Dr Treya Long1,2,4, Matthew Cooper3, Tanesha Dimanopoulos1,2, Victoria Shoesmith1,2, Dr Mark Fear1,4, Professor Fiona Wood1,2,4, Dr Lisa Martin1,4
1Fiona Wood Foundation, Perth, Australia, 2Burn Service of Western Australia, Perth, Australia, 3Telethon Kids Institute, Perth, Australia, 4University of Western Australia, Perth, Australia
Burn-injured children are at risk of long-term physical and psychosocial consequences that may require hospitalisation (Duke et al., 2015, Duke et al., 2018, Duke et al., 2016, Duke et al., 2014). Routine follow-up is integral for early identification of at-risk individuals and subsequent intervention. This study aimed to evaluate the grip strength test, timed up-and-go (TUG) and paediatric quality of life inventory (PedsQL) as screening measures in paediatric burns care. Clinical and outcome data were collected from 130 children (58 male; age 9.8±3.4y) attending scar clinics. Regression models were used to assess risk factors for poor outcomes. Moderate grip strength impairment was observed (right hand (RH), -1.9±5.2; left hand (LH), -1.5±5.1) compared to normative data. Dominant hand burns had little effect on same-sided grip strength (RH: 0.55 (-1.5 to 2.6); LH: -1.3 (-6.4 to 3.9)). Non-dominant hand burns moderately impacted grip strength in the dominant hand (RH burn to LH dominant child, -8.9 (-19.50 to 1.79); LH burn to RH dominant child, -2.53 (-4.6 to -0.5)). Burn-injured children performed the TUG faster than healthy children by 1.7±0.9sec. Mean PedsQL scores were normal, however parent reports indicated that 11.6% of children fell below the cut-off value for Physical Function and 20.5% for Psychosocial Function domains. Child reports indicated 21.7% had Psychosocial Function scores below cut-off values. Positive correlations existed between grip strength and PedsQL scores. Most children recover their physical and psychosocial function post-burn injury; however, some may require additional physical rehabilitation and psychosocial support.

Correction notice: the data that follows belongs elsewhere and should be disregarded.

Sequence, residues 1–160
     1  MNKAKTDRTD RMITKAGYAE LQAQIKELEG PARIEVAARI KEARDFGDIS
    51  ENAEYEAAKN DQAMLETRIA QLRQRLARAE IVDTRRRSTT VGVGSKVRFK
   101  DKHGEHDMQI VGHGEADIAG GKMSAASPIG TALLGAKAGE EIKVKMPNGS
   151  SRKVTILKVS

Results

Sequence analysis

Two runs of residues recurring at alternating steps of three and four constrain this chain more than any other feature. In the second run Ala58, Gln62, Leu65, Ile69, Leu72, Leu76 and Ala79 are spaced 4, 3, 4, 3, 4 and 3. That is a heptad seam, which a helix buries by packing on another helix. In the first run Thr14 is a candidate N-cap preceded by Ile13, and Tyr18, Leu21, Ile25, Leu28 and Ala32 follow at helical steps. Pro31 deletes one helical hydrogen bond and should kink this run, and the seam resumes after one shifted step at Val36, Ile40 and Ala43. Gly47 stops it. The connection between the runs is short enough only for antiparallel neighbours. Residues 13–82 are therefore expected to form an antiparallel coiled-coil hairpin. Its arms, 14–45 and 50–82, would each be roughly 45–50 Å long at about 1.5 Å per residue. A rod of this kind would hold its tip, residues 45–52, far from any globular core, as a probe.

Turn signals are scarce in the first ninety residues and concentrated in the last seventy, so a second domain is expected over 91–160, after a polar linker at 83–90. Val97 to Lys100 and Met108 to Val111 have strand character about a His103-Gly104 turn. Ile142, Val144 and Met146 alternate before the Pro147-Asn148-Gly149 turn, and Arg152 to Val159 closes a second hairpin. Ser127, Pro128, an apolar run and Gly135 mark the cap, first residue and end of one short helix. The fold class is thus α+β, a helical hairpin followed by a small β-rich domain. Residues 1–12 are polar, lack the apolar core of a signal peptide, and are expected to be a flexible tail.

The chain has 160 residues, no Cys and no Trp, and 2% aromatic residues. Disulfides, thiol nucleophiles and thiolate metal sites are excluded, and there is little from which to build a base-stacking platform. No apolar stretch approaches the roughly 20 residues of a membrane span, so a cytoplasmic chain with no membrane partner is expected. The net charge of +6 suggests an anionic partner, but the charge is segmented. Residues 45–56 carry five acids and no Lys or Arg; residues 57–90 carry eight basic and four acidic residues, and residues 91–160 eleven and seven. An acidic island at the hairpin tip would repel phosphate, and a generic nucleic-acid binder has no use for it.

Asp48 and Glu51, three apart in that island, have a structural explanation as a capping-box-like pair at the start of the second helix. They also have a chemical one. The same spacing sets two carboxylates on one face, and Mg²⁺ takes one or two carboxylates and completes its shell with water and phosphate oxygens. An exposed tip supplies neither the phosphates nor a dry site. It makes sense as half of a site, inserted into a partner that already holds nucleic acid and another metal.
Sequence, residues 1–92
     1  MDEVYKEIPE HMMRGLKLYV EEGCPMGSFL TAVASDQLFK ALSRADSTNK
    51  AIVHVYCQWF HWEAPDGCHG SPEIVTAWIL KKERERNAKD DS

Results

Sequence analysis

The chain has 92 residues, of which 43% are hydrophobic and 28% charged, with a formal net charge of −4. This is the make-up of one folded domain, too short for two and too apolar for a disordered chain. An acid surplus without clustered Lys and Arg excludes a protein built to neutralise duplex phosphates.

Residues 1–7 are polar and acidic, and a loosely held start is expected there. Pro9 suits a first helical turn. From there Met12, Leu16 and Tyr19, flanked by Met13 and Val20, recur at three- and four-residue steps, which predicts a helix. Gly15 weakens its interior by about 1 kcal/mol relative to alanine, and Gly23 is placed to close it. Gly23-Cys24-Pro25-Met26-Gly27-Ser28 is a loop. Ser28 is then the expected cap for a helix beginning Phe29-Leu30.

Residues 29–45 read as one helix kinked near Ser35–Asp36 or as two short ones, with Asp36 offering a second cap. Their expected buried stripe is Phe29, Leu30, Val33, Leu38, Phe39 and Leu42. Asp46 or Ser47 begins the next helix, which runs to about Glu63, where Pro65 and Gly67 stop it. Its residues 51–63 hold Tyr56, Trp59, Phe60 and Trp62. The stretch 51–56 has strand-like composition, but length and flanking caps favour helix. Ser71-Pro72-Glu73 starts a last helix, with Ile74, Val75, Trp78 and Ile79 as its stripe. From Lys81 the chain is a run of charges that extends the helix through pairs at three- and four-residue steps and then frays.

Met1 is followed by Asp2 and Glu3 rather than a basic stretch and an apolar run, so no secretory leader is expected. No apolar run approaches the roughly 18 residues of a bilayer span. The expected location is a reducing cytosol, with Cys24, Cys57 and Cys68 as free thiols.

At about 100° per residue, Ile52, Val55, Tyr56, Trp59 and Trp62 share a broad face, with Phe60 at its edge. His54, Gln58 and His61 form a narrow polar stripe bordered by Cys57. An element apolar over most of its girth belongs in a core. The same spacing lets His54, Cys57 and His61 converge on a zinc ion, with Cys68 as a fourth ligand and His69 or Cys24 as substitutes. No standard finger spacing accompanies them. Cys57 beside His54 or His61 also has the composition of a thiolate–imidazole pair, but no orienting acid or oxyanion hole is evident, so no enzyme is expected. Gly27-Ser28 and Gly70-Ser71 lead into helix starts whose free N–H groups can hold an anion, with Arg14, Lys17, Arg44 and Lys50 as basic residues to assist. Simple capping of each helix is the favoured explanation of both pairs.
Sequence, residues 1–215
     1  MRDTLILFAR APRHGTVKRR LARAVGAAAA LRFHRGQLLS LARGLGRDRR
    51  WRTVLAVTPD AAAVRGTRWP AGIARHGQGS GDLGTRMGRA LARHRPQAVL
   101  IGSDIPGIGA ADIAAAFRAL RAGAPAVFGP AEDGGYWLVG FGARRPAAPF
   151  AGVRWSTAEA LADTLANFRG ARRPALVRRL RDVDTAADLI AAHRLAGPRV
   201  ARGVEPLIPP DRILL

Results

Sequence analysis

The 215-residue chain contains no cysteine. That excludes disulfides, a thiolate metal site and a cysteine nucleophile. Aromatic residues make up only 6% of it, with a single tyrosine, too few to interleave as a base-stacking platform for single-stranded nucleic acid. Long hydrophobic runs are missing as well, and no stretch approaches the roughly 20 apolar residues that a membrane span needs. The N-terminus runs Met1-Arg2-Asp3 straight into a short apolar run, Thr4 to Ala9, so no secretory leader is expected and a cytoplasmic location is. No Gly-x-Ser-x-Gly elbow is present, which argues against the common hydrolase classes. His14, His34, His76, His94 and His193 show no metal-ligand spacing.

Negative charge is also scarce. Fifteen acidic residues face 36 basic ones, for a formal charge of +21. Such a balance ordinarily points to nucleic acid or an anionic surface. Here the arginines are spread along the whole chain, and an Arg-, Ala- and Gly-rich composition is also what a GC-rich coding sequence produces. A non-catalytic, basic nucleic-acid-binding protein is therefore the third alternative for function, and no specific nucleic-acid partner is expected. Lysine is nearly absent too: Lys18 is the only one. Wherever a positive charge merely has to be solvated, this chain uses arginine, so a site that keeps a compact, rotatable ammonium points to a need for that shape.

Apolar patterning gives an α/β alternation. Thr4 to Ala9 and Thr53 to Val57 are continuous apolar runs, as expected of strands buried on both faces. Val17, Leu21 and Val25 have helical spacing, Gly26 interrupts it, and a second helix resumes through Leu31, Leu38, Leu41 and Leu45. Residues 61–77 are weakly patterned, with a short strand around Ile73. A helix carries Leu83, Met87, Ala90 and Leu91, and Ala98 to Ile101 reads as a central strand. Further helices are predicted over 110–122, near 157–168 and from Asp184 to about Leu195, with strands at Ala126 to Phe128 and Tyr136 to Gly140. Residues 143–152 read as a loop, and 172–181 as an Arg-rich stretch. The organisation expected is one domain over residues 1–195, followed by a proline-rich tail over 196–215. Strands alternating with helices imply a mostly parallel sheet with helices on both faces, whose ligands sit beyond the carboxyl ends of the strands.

Treya is a burns research associate, adjunct research fellow and accredited exercise physiologist. Her PhD explored the use of exercise in the diagnosis and treatment of long-term and late effects of childhood cancer, which lead to the development of a new cardiac rehabilitation service for at-risk children. Treya’s passion for exercise medicine has since extended into the burns unit at Perth Children’s Hospital where she is currently investigating how a burn-injury in childhood impacts strength recovery and physical functioning later in life. Outside of research, Treya practices clinically as an exercise physiologist on the acute inpatient mental health ward.